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Pressure canning is used for low-acid foods, such as meats and vegetables. It can seem scary and intimidating, but it’s actually really simple once you get the hang of it!

Please also check your pressure canner manual for any variations in directions and inspect all parts before use.


  1. Gather your supplies:
    • pressure canner (NOT a pressure cooker)
    • Rack for inside of canner
    • Canning jars
    • Canning jar lids and rings
    • Jar lifter
    • Funnel
    • Towel
    • A delicious low-acid canning recipe!
  2. Heat jars and lids in hot water (not boiling) until ready to fill (If using Ball or Kerr lids, they recently announced that you do NOT have to heat the lids prior to canning)*
  3. Prepare your pot. Put rack inside of pressure canner, fill with 2-3 inches of water and heat to a slight simmer with lid on until ready to fill.* Do not bring to a boil.
  4. Make your recipe.

*If doing raw/cold pack, do NOT heat jars or the water in pressure canner. It could cause the jars to break during the canning process. Simply skip the heating up steps and place cold jars in cold water in pressure canner and slowly bring all up to heat.

Gettin’ Down to Business

  1. Remove hot jars from water and empty out water.
  2. Using funnel, carefully fill jars with your recipe, leaving the recommended headspace stated in your recipe (amount of space between top of food and jar lid).
  3. Remove air bubbles by sliding a bubble remover (or similar stick-like thing) around insides of jar.
  4. After jars are filled, wipe around top of jar with a clean, damp towel to make sure they are clean.
  5. Put lids and rings on jars ONLY finger-tight, meaning you don’t want them so tight you can’t unscrew using only your fingers.
  6. Using jar lifter, place jars into your pressure canner.

Dial Gauge Pressure Canner Instructions

  1. pressure canner dial gauge
    Dial Gauge

    Secure the lid on pressure canner (with vent/petcock open) and bring water to a boil.

  2. Once steam is steadily coming out of petcock, allow to vent for 10 minutes.
  3. Close petcock and allow the canner to reach the desired pressure recommended for your elevation. (see chart below)
  4. Start timing once pressure is reached.
  5. Reduce heat and adjust accordingly so pressure on dial gauge remains the same.
  6. Once time is up, turn off the heat.
  7. Allow the pressure canner to reach 0 pressure.
  8. Open the petcock and allow to stand for 10 minutes.
  9. Carefully remove lid.

Weighted Gauge Pressure Canner Instructions

  1. pressure canner weighted gauge
    Weighted Gauge

    Secure the lid (without weighted gauge on) and bring water to a full rolling boil.

  2. One steam is steadily coming out of vent, allow to vent for 10 minutes.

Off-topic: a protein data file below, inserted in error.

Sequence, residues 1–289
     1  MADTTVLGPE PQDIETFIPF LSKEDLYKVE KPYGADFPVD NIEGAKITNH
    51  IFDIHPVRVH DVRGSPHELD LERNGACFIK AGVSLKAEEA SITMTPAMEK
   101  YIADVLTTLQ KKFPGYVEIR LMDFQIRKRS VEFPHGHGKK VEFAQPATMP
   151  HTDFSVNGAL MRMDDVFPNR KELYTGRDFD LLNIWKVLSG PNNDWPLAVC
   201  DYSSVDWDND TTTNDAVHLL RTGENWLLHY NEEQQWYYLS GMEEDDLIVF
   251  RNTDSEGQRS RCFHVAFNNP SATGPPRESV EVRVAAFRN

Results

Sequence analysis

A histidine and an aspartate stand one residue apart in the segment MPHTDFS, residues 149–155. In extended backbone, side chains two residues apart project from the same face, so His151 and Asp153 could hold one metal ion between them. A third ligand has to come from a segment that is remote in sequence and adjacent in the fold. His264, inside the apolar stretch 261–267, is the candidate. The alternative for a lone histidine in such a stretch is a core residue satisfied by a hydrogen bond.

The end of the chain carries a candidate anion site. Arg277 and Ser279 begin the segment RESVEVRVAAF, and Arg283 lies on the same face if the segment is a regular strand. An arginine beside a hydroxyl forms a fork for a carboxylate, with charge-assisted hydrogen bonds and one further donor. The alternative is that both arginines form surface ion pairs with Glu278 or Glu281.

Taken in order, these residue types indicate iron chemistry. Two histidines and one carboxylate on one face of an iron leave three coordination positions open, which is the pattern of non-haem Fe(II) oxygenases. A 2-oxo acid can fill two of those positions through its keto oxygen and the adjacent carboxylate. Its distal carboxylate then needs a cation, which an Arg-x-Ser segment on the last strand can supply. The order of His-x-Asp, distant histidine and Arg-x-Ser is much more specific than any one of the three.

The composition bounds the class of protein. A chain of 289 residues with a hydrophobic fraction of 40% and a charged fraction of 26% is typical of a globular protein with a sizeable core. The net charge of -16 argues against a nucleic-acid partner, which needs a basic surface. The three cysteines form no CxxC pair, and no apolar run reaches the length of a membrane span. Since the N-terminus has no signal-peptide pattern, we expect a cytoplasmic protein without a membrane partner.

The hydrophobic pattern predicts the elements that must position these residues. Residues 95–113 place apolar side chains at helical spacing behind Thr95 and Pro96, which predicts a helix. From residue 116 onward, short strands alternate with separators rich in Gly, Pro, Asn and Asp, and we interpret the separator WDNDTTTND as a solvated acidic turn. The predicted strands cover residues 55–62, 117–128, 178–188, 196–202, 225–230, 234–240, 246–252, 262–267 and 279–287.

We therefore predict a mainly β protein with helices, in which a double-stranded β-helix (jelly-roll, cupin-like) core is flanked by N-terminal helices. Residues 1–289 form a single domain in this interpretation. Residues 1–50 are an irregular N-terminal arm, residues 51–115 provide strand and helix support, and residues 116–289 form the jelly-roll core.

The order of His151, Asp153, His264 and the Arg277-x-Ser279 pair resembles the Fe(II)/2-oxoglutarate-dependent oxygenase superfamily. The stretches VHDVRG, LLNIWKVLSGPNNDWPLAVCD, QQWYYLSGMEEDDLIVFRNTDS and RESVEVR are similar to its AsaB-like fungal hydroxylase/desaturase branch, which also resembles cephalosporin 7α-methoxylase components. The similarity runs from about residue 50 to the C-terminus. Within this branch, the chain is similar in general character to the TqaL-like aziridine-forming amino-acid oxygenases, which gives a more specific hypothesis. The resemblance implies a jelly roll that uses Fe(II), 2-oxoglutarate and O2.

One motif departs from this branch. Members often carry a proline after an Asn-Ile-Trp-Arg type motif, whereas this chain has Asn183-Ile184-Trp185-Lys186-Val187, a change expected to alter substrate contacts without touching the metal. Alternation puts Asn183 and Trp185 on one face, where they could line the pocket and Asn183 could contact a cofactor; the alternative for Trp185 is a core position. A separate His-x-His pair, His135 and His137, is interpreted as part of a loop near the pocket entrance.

3. Place weighted gauge on the vent for the amount of pressure recommended for your elevation. (see chart below)
  4. Start timing once pressure is reached and weighted gauge starts to jiggle.
  5. Reduce heat to maintain the wanted pressure (weighted gauge should only jiggle 1-2 times per minute)
  6. Once time is up, turn off heat.
  7. Allow the pressure canner to reach 0 pressure.
  8. Carefully remove weighted gauge. Allow to stand for 10 minutes.
  9. Carefully remove lid.

Finishing Up

  1. Remove jars, using a jar lifter, and place on a towel on your countertop.
  2. Let the pinging begin!!! (the sounds the jars make as they seal. It’s glorious.)
  3. Let jars sit for 12-24 hours.
  4. Remove rings and check seals. Lids should not flex when pushed up and down and you should be able to lift jars by the lid 1-2″ without it budging.
  5. Give yourself a pat on the back!

Pressure Canning Tips

  • ALWAYS full inspect parts before every use and make sure vent pipe or petcock is free from any blockage.
  • If you have never pressure canned before, or you have a new pressure canner, we recommend doing a test run without any jars to get used to your equipment and the process without the risk of losing any yummy foods or precious jars.
  • If you are using a dial gauge pressure canner, you can have it tested at your local Extension Office.
  • Make sure your stove is pressure canning safe by checking your stove’s manual. (Some stoves cannot handle the heavier pressure canners or heat)
  • NEVER put cold jars in hot water or hot jars in cold water.
  • During the de-pressurizing phase (waiting for your canner tor reach 0 pressure), your lid could get stuck if it is left on too long after the canner reaches 0. You may need to pry it off. BE CAREFUL.
  • NEVER force cool a canner.
  • If pressure drops below the needed pressure for your recipe while canning, the NCHFP recommends you start the timing all over again after correct pressure is reached.


As elevation increases, water starts to boil at lower temperatures. So at a higher altitude, your water may come to a boil, but will not reach the needed temperature to stop botulism in low-acid foods (240° Fahrenheit). Therefore, your pressure must be increased. Find your elevation

Pressure for Different Elevations

Altitude (in feet)Dial GaugeWeighted Gauge
0 - 1,0001010
1,001 - 2,0001115
2,001 - 4,0001215
4,001 - 6,0001315
6,001 - 8,0001415
8,001 - 10,0001515
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